A small window into da Vinci's creativity is now on display at the Minneapolis Institute of Arts (MIA) in the form of a rare notebook of his, called the "Codex Leicester."
The exhibition is organized to explore the ways in which “thinking on paper,” curiosity, and observation can lead to innovation. For da Vinci, thinking on paper facilitated his understanding of the world around him.
The codex is a 72-page notebook - more than 500 years old - in which da Vinci tried to explain the properties of water, and through that knowledge he wanted to "gain a greater understanding of the earth and celestial bodies," the MIA said in a news release about the exhibit.
The codex is extraordinary in several ways:
*First and foremost, because it's still in existence. Scholars believe da Vinci penned at least 90 such notebooks on a wide range of subjects, but only 31 of them still survive. He wrote the Codex Leicester between 1508 and 1510.
*Second, da Vinci used "mirror writing," writing from right to left on the page, so the text needs to be held up to a mirror to be read. He didn't write it that way to be secretive, but because he was left handed and didn't want his sleeve to smudge the ink, explained the exhibit's curator Alex Bortolot, according to MinnPost.
*Third, the margins of the pages are filled with small, meticulously drawn sketches that da Vinci linked back to his written observations of how water flows and swirls and how it could be measured or redirected by a manmade device. Other sketches speculate about the composition of the moon, and its relationship to the sun and Earth, according to the Star Tribune.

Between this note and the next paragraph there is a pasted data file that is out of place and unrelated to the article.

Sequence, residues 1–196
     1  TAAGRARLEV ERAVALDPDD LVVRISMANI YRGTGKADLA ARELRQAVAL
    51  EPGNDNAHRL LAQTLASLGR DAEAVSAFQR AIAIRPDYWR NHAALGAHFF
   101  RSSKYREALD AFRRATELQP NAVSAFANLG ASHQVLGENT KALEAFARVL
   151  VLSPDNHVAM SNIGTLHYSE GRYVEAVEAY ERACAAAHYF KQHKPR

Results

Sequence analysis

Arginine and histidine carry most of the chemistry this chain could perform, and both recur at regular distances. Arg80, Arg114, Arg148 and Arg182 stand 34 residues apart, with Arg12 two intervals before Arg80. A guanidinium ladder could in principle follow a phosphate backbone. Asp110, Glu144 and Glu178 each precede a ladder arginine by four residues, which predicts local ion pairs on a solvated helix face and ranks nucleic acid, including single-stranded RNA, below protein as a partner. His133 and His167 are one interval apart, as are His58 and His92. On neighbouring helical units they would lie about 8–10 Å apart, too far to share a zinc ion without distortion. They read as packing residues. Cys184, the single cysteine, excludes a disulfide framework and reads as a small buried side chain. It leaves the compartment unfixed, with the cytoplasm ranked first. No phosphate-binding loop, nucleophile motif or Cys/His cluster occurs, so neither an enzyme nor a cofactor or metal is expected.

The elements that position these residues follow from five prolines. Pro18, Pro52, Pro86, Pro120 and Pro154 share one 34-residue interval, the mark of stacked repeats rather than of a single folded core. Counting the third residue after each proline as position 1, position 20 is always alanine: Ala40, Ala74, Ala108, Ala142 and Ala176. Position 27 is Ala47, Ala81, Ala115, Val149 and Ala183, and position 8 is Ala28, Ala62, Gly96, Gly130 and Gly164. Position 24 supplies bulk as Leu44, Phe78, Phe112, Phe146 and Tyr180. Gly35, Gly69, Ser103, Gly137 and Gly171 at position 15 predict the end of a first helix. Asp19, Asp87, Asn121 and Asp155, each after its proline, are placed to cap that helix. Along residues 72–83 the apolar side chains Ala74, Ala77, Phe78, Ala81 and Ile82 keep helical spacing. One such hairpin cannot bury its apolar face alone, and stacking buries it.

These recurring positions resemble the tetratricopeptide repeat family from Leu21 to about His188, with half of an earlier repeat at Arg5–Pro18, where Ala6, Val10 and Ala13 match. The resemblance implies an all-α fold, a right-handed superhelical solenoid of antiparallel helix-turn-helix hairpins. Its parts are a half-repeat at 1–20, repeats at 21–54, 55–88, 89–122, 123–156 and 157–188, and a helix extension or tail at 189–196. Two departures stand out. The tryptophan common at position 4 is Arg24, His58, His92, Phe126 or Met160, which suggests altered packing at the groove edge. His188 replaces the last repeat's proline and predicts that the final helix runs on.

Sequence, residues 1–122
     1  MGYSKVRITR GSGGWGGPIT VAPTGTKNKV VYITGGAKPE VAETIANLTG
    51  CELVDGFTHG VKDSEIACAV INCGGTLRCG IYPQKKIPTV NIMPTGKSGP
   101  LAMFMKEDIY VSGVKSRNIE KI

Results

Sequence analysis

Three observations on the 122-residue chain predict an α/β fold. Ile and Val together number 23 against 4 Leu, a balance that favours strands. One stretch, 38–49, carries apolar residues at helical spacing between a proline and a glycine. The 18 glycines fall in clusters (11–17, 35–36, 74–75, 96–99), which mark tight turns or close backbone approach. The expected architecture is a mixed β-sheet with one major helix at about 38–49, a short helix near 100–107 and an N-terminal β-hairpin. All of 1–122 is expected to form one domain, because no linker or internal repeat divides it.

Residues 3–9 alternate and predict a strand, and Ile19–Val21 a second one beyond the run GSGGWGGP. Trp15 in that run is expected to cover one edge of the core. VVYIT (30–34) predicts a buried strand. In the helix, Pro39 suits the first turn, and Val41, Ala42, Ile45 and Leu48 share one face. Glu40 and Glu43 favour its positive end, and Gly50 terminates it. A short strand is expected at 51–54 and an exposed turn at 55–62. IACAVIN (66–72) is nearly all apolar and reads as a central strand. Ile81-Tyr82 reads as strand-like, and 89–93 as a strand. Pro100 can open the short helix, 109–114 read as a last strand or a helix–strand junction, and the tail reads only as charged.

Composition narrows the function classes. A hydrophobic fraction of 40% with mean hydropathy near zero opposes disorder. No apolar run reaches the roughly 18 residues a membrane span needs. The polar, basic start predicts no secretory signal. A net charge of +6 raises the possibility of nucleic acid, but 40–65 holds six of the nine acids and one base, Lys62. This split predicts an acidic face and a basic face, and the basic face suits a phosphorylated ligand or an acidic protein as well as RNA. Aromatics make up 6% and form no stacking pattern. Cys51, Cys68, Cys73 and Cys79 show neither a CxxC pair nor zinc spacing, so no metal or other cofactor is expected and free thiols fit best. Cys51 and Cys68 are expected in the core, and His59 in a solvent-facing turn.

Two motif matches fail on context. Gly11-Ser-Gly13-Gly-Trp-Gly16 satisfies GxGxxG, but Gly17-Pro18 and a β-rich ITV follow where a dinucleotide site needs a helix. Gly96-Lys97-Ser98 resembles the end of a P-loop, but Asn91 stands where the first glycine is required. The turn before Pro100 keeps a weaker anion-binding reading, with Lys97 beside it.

*Fourth, the codex is owned by Microsoft founder Bill Gates, who bought it for $30.8 million in 1994, making it the most valuable manuscript in the world.
Fast Company interviewed Gates recently about why he purchased the notebook, noting that as one of history's most famous multitaskers, he is drawn to one of the others. Gates was asked what value he finds in a 500-year-old journal.
"It's an inspiration that one person—off on their own, with no feedback, without being told what was right or wrong—that he kept pushing himself," Gates says, "that he found knowledge itself to be the most beautiful thing."
At Gates' request, visitors will need to go through additional airport-like security screening to get into the exhibit.
Bartolot, the curator, warns visitors that they won't see any of da Vinci's paintings at this show. It's not the Mona Lisa, he said, it’s "the mind behind the Mona Lisa," acccording to MinnPost.
The exhibit, “Leonardo da Vinci, the Codex Leicester, and the Creative Mind," uses da Vinci's notes as a jumping-off point to explore creativity in current times, according to the MIA.
Other elements in the show include notebooks and projects by 21st-century American inventors and artists; people who invented Rollerblades and infant car seats, among other things, the Star Tribune notes.
"By juxtaposing works from today with the Codex, we’re making connections between Leonardo and the creative potential of today’s artists, engineers, and designers," said Bartolot.
The exhibit, which was organized in collaboration with the Phoenix Art Museum, runs until August 30. Then it will travel to the North Carolina Museum of Art.